Ferrari America is a series of top-end Ferrari models built in the 1950s and 1960s. They were large touring cars with the largest V12 engines and often had custom bodywork. All America models used a live axle in the rear, were front-engined, and had worm and sector steering.
The America series was based on a series of concept cars which bore the Superfast name. Two of the series, the 400 and the 410, were called Superamerica. The final member of the America production family was called the 500 Superfast. The series also includes the 365 California.
The 330 America shared the outgoing 250 GTE's chassis but not its engine, being powered by the new Type 209, 300 hp (220 kW) at 6600 rpm, 4.0 L engine.
50 330 Americas were built, one of which was buried in 1977 in a San Antonio cemetery with its owner, Sandra West, at her request.
The first America cars were the 340, produced between 1950 and 1952. Using the new Lampredi V12 developed for Formula One racing, the 340 America could produce over 200 PS (147 kW; 197 hp). Only 23 copies were built: 11 by Vignale, eight by Touring, and four by Ghia.
The 340 America was replaced by its larger-engined brother, the 375 America.
Only 6 made: Vignale Cabriolet (designed by Giovanni Michelotti), 2 Pinin Farina Cabriolets and 3 Pinin Farina Coupes. Using same Lampredi-designed engine as in 340 America with different carburettor air filter arrangement. Both 340/342 Americas used even chassis numbering of a race cars, while 375 America and later used odd chassis numbering of a road cars. Black Pinin Farina Cabriolet was owned by King Leopold III of Belgium.
The 1966 365 California was a stepchild model. It used the America's chassis, with its 2650 mm wheelbase and live axle rear suspension, but had the 4.4 L Colombo V12 from the other 365 cars. Just 14 of the open roadsters were built, including two in right hand drive; production ended in 1967.
Another Pinin Farina and Vignale car, the 375 used the new 4.5 L Lampredi engine with up to 300 PS (221 kW; 296 hp). The 340 and 375 were expensive and exclusive - only about 40 were built from late 1951 through 1955.
375 MM "Ingrid Bergman"
Carrozzeria Scaglietti was commissioned by director Roberto Rossellini to build a one-off version of the 375 MM with custom bodywork for his wife, actress Ingrid Bergman. This design later became the inspiration for the car which would be named after Scaglietti himself, the Ferrari 612. The colour chosen for the vehicle was not available with other Ferrari models. It was later made available for all production Ferraris under the name "Grigio Ingrid."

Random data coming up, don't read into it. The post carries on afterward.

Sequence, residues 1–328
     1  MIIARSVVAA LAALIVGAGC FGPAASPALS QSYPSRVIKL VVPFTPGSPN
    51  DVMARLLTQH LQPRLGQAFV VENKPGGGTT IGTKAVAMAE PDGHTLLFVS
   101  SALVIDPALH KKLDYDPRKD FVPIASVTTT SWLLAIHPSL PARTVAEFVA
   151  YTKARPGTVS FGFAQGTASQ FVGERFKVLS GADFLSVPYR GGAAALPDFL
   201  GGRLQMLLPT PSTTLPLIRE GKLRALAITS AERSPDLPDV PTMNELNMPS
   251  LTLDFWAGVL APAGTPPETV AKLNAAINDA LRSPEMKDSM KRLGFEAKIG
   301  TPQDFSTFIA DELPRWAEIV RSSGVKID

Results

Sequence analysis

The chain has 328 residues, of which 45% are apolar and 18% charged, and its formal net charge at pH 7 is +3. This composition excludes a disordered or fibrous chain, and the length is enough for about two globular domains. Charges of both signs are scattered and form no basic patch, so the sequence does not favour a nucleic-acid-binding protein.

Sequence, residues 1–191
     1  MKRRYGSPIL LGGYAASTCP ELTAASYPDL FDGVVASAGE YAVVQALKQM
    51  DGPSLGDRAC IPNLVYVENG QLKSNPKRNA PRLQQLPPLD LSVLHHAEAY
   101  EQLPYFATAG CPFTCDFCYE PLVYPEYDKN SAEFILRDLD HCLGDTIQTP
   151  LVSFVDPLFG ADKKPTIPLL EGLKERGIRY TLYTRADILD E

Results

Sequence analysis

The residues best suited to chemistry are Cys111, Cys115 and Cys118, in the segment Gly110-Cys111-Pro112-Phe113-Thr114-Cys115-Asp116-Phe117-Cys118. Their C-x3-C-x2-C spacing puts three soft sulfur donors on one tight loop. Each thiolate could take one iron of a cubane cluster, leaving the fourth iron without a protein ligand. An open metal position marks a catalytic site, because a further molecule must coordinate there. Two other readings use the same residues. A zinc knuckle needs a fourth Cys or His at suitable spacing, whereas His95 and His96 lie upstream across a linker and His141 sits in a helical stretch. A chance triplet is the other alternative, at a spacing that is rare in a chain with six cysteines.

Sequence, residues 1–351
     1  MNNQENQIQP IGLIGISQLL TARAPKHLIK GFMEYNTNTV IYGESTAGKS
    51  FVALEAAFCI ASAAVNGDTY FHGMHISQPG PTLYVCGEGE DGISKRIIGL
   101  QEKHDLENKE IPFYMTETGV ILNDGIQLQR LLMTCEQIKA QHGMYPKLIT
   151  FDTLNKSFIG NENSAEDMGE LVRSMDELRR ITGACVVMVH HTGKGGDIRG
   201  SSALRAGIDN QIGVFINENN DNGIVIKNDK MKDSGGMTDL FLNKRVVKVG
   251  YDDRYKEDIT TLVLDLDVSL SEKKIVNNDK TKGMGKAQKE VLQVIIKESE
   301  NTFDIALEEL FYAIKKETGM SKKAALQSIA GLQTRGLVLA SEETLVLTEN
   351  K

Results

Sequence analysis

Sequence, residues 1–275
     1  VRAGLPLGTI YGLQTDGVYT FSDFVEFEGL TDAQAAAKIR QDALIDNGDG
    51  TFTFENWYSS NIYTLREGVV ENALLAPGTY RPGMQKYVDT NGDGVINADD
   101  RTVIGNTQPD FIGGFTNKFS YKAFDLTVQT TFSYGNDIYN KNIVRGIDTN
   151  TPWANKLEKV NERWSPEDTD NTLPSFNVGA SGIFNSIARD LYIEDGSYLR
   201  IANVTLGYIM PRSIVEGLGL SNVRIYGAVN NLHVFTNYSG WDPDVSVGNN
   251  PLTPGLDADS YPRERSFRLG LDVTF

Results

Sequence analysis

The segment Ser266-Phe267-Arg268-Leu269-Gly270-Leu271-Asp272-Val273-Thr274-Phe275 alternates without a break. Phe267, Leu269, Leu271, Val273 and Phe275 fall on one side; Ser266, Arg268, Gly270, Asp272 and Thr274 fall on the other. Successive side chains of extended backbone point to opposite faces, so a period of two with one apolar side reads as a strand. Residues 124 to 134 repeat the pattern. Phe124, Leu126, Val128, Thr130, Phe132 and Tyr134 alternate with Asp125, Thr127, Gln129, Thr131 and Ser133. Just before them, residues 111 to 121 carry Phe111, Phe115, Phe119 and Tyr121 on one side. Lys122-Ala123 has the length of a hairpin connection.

The 400 Superamerica had a smaller 4.0 L Colombo engine, but produced as much power as its predecessor. It debuted in 1959 as 410 production ended, and was available as a coupe, spider, or cabriolet with custom Pinin Farina bodywork. Four-wheel disc brakes were a new addition. 47 Ferrari 400s had been built when the 400 stepped aside in 1964.
As if the custom, low-volume America was not fast enough, Ferrari produced another line of America cars, beginning with the 1955 410 Superamerica. The engine was now up to 5.0 L with 340 PS (250 kW; 335 hp) available. A 1957 Superamerica III had triple Weber carburetors for even more power.
Each 410 Superamerica had custom bodywork, with a few by Boano and Ghia but most by Ferrari stalwart, Pinin Farina. The price was extremely high — at US$16,800, the 410 Superamerica offered at the New York Auto Show by importer Luigi Chinetti was more than twice as expensive as the Mercedes-Benz 300SL "Gullwing" exhibited by Max Hoffman. Just 35 were built when the series ended in 1959.
The end of the top-line America series was the 1964 500 Superfast. Early in development, and even into production, these cars were to be called "Superamericas", but the decision was made at the last moment to use "Superfast" instead. The engine was a 5.0 L Ferrari Colombo V12 engine, with 400 PS (294 kW; 395 hp) available, now pushing the car to 275 km/h (171 mph). The engine had the same dimensions as the Lampredi "long-block" engines of the 410 Superamerica. The chassis was based on the contemporary 330 GT 2+2, and bodywork was again done by Pininfarina. 37 cars were made to 1966, including 12 "series II" models with an updated 5-speed transmission. Only coupes were made and no Superfast roadsters were available.
The 365 California replaced the 500 Superfast for 1966. It was the first 365 model, with its 4.4 L (4390 cc/267 in³) V12 based on the 330's 4.0 L Colombo unit but with an 81 mm bore. The 365 California used the same chassis as the 500 Superfast but with an evolutionary cabriolet body by Pininfarina. Debuting at the Geneva Motor Show in 1966, just 14 examples were produced (including 2 in right hand drive) before production ended in 1967. Whilst the prototype was built on a 330 GT 2+2 type 571 chassis, production cars featured type 598 chassis. Chassis' were sent to Pininfarina's Grugliasco plant to be bodied and trimmed which were later returned to Ferrari for fitment of the mechanical components. It was presented at the 1966 Geneva Salon.